ROMANS: This is why at the highest echelons of any business or any government, Richard, it's important to have a mix of men and women because you can temper risk with sober, good judgment and analysis and good judgments can be made.

QUEST: And if I would have suggested the opposite, you would be the first person to be shrieking sexism at me. The best person in the room should make the decisions and the fact is women do slow and steady while men are boom and bust. ROMANS: Women are the long-term stock and men are a tech bubble, is that what you're telling me? Is it back to the days of the tech bubble?

Some are wondering if this internet radio company, Pandora, if it's bubble time again. It went public this week. Pandora is the latest in a slew of initial public offerings for historically unprofitable tech companies like LinkedIn and Groupon.

Alfred, Pandora shares have swung wildly so far. What's driving the demand for companies that have yet to be consistently profitable again? It really feels like '99 to me.

EDMOND: Well, let me say, it is not the same as '99.

ROMANS: Good.

EDMOND: A lot of the IPOs and tech companies from the tech bust before, it literally was air. I mean, literally you could not explain the profit model.

I think there's some of that still here now and I'm not sure I totally understand Pandora's story. But I think there are other companies that are going public now, that there is a credible story and that it's not total air.

ROMANS: What do you think, Leigh?

GALLAGHER: Well, there is certainly some froth out there. The market is famously susceptible to psychological factors. My dry cleaner told me this morning that Facebook is going public next year. That's a sign of the times.

But I will say, you never want to say it's different this time. But these companies, first of all, there are five big ones not counting Pandora. Actually, there's five big, big ones.

There were 300 in 1999. These companies, these five, actually all of them, even Twitter, they're making money. LinkedIn -- these companies are profitable. LinkedIn has 100 million users, tons of revenue. There are the financials to back this up.

There hasn't been access to these companies. People have been waiting a long time this time around. It's tempered. There's not a -- I can see why people are comparing it to 1999. It is a little bit different.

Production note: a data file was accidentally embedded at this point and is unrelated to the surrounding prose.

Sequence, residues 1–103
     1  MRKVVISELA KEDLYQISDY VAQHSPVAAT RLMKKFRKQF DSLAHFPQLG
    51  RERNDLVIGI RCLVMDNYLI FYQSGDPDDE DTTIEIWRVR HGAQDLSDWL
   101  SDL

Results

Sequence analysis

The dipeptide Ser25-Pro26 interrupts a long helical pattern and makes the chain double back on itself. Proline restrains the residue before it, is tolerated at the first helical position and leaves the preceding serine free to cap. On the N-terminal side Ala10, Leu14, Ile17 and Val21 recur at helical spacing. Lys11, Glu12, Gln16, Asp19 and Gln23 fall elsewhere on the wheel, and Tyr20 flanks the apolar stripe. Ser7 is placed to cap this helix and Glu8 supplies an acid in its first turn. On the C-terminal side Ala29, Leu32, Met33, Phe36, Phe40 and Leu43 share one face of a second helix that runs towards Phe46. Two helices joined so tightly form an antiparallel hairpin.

ROMANS: Richard, I'm telling you. But it's all about the Facebook IPO. That is the Holy Grail, the Facebook IPO.

QUEST: Nope, nope, nope. Your other guests -- in 1999, we said it wasn't like the previous bubble.

ROMANS: I know, yes.

QUEST: Then it wasn't like the previous one. The fact is we -- path to profitability we heard. Look, we would be better off holding our nose, saying it's a bubble and working out how we're not going to be carrying the can when the doo-doo falls on us from above.

ROMANS: Look, I'm a woman, I'm not taking these risks.

GALLAGHER: I agree with you.

ROMANS: Richard Quest, Alfred Edmond, Leigh Gallagher, thank you so much. Love the conversation. Nice to see you all this week. Have a wonderful weekend.

We hear every day about the pain caused by home foreclosures. Up next, find out what it's like to live in Foreclosure City, USA.

(COMMERCIAL BREAK)

ROMANS: Take a look at this. Foreclosure filings have been on the decline now for eight straight months. This is according to Realty Track.

In May, filings dropped 33 percent compared with the previous year and 29 percent fewer homes were repossessed by banks. But for one town, Plainfield, New Jersey, that is not the reality. There, the bank owns more homes than anyone else. Here's CNN Money's Poppy Harlow.

(BEGIN VIDEOTAPE)

POPPY HARLOW, CNNMONEY.COM (voice-over): At a bird's eye view, Plainfield, New Jersey may look like lots of small towns across America. But when you walk the streets and talk to the folks here, you start to realize something. The bank owns a big chunk of this city.

REGINA PERRY, PLAINFIELD RESIDENT: I moved in three houses, and three of the houses that I've lived in have foreclosed and I was forced to move.

HARLOW: Of the roughly 9,000 homes in Plainfield, nearly 900 are in foreclosure. That's almost three times the national average.

LEA MCDONALD, PLAINFIELD RESIDENT: It's terrible. I mean, my kids have to walk past these empty houses and I'm afraid for them.

HARLOW: You won't find padlocks or boarded-up windows, but it's not tough to find people thousands of dollars in debt on their homes.

(on camera): Right here on East Front Street alone, there are 25 homes in foreclosure. And just down the way, on Berkeley Terrace, you'll find eight more.